14 years, fourteen red flags on Delhi’s landfills ignored

From the moment three major landfills crossed the danger mark, several studies and reports warned authorities of the potential fallout — but no one listened

Written by Aniruddha Ghosal | New Delhi | Updated: September 7, 2017 2:44 am
delhi, delhi landfills, delhi garbage, Ghazipur, Okhla, Bhalswa, delhi waste management, delhi news At the Ghazipur landfill, Monday. Two people had died at the landfill on Friday after a mound of garbage broke off and came crashing down. (Source: Praveen Khanna)

Fourteen years ago, three of Delhi’s landfills — at Ghazipur, Okhla and Bhalswa — ceased to be safe. Since then, at least 14 warnings, in the form of reports and studies, were issued. But little changed on the ground. Attempts to identify new sites yielded little result, as Delhi’s waste increased exponentially — to the point that a section of the Ghazipur landfill collapsed last week, killing two people. The Ghazipur landfill crossed 20-metre mark — following which it is deemed unsafe — in 2002. A year later, a report by TERI noted that Delhi’s landfills lacked systems for “either minimisation or recycling the waste” and underlined the “real problem” to be one of disposal.

In 2004, the National Capital Region Planning Board (NCRPB) warned authorities that there was a need for 28 sqkm of landfill space by 2021, and 100 sqkm by 2050. The existing landfills are spread over roughly 1.2 sqkm. Six years later, with no new landfill, the NCRPB reiterated that acquisition of landfill sites should be a “compulsory element” for city planning.

Failed attempts made by the Delhi government to negotiate with state governments of Haryana, UP and Rajasthan also took place in 2004. A former Delhi government official said, “Ultimately, no state wants another state’s refuse. It is as simple as that.”

Read | Okhla shut, no new options open

But it wasn’t until 2005, when Delhi missed the Centre’s deadline to set up “waste processing and disposal facilities”, that the MCD actively started looking for a landfill site. The unified MCD planned closure of the site at Ghazipur in 2006 and at Bhalswa in 2008. It also identified three landfill sites — at Bhatti mines in Mehrauli, Najafgarh in west Delhi and Jaitpur in Tughlakabad.

Over the years, all three plans fell through. In 2008, the Bhatti mine proposal was rejected as the land was a protected forest reserve, and the Najafagarh plan met with objections from farmers. The proposed Jaitpur landfill was rejected in 2008 due to opposition from residents and former MLA Ramvir Singh Bidhuri, who had an eye on next year’s polls.

Several studies and reports also warned of the environmental damage by the landfills, including a study revealing groundwater contamination published in 2004 in the Indian Journal of Clinical Biochemistry; another in 2009 by the Delhi College of Engineering; and a 2014 study published in the International Journal of Environmental Sciences warning of methane and nitrox oxide emissions at Ghazipur. A 2009 Delhi government-sanctioned study by DU confirmed the link between the landfills and global warming.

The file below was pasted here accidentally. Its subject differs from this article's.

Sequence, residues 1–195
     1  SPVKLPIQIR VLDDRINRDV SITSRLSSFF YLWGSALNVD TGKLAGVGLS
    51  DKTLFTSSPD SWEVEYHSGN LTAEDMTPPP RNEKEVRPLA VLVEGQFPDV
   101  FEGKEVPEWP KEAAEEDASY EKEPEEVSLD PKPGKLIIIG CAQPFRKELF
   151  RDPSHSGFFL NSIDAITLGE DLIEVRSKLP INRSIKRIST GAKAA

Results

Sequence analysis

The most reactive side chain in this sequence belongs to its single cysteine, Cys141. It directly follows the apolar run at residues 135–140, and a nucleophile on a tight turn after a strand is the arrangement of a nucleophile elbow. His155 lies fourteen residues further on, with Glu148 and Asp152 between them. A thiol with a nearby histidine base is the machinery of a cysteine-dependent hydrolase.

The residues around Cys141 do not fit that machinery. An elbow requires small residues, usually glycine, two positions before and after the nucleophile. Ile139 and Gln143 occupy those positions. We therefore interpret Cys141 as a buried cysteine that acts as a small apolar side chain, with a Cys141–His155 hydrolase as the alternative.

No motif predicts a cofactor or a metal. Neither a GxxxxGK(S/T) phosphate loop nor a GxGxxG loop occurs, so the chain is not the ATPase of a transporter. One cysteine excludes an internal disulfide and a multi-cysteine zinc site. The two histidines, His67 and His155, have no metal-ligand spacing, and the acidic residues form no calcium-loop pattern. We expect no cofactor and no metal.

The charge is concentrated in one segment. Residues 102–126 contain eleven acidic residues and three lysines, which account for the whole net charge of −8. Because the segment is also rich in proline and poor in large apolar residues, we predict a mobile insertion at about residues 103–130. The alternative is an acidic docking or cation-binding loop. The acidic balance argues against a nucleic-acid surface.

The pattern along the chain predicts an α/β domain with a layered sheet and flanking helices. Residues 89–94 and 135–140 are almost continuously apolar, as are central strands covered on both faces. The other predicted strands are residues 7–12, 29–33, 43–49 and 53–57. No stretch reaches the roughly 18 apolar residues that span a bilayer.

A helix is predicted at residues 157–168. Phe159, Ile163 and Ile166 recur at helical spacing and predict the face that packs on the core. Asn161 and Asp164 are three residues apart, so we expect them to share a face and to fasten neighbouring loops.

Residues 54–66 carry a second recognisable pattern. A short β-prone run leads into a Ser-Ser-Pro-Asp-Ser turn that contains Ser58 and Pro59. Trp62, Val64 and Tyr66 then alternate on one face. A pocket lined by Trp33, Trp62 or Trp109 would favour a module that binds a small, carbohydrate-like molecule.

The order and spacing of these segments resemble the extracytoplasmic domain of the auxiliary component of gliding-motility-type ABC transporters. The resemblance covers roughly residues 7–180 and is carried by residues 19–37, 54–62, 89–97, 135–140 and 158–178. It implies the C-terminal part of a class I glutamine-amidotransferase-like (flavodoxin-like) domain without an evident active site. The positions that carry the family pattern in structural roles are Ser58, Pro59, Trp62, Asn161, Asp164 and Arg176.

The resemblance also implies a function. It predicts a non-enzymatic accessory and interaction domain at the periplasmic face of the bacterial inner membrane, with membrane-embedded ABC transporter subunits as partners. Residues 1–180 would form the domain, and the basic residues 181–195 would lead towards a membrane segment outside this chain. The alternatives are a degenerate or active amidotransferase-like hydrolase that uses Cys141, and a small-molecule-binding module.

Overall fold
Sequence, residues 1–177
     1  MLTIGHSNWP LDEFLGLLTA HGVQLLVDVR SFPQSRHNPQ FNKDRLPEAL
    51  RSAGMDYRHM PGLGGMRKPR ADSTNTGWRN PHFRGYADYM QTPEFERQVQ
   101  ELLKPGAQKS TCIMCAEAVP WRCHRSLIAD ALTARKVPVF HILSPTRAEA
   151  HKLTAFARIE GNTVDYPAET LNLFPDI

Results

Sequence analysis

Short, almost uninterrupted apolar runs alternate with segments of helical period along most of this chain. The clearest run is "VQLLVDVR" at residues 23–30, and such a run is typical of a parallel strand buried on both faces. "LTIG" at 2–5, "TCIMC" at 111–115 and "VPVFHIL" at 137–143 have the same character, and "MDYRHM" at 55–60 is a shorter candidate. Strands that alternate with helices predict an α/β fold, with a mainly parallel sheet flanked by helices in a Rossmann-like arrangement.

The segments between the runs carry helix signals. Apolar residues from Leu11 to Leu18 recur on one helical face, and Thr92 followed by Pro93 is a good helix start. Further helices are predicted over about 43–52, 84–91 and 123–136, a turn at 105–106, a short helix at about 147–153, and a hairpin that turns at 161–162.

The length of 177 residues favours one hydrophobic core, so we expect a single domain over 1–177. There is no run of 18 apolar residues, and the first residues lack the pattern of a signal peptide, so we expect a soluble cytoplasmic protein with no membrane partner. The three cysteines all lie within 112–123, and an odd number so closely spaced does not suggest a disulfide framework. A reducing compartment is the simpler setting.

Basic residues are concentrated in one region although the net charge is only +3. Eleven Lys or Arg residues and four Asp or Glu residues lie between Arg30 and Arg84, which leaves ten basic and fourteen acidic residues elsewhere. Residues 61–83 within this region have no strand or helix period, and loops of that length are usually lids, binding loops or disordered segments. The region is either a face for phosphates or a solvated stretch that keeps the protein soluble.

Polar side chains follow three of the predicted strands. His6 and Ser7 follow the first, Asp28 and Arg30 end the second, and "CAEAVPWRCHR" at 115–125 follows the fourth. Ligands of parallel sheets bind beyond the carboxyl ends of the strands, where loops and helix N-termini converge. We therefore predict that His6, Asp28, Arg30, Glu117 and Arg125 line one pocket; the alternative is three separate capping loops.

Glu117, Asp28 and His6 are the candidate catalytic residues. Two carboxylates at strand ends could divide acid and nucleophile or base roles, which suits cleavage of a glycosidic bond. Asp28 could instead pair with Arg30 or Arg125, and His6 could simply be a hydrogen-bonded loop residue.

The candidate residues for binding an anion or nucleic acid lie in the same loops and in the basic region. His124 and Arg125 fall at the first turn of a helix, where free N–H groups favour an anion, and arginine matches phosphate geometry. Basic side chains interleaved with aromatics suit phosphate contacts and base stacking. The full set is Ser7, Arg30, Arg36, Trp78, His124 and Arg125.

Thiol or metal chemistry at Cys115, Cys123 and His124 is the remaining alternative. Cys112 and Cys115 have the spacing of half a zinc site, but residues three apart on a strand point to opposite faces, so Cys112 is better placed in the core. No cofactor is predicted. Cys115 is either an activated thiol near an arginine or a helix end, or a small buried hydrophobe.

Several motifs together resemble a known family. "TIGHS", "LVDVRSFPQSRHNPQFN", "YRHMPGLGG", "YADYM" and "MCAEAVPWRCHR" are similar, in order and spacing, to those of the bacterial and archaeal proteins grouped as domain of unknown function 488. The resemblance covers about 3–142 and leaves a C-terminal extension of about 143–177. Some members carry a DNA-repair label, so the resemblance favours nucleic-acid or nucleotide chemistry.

Former CPCB member secretary B Sengupta said, “It’s a problem of land not being available and using redundant technology. Dumping waste isn’t waste management. In developed countries, waste is used to generate power. It is due to lack of political will.”

In 2007, the DDA released the Master Plan Delhi 2021 with three new landfill sites, while admitting: “Finding new sanitary landfill sites is becoming extremely difficult”. None of the proposed landfill sites materialised, while waste production almost doubled in the next decade, the MCD estimates.

By 2008, even the NDMC warned of “significant environmental concern in and around landfill sites”. The Ghazipur landfill began pushing for an ‘Integrated Municipal Waste Processing Complex’, converting waste to energy — a plan first floated in 2006. The plan was also endorsed by the Centre, and in 2013, the Urban Development Ministry said it was to become operational within a month.

But even though the Environmental Impact Assessment report for the project at Ghazipur, submitted to the Delhi government, claimed it would not lead to any “appreciable negative impacts”, the reality was different. The following years saw a series of protests against waste-to-energy plants at both Ghazipur and Okhla. It wasn’t until December 2016 that the plant came up at Ghazipur, while the waste-to-energy plant at Okhla, which started at 2011, faced a series of legal challenges culminating in an NGT nod in 2016.

With neither the waste-to-energy plants nor proposed landfill sites materialising, both landfills at Bhalswa and Ghazipur in 2009 began their attempts to ‘beautify’ the waste — a plan yet to take shape, admit officials.

But by then, it was too late — the DPCC records, at the time, estimated waste production to be upwards of 8,500 tonnes per day. It warned, “This is slated to increase due to economic and population growth.”

A Lok Sabha Parliamentary Standing Committee on Urban Development report in 2014 called the landfills “monstrous trash mountains leaching out toxic liquids and emanating noxious fumes… as they grow larger every day”. The DDA told the panel that in Delhi, “where land is a scarce and highly priced commodity, finding a new site for development of another landfill is not an easy task”.

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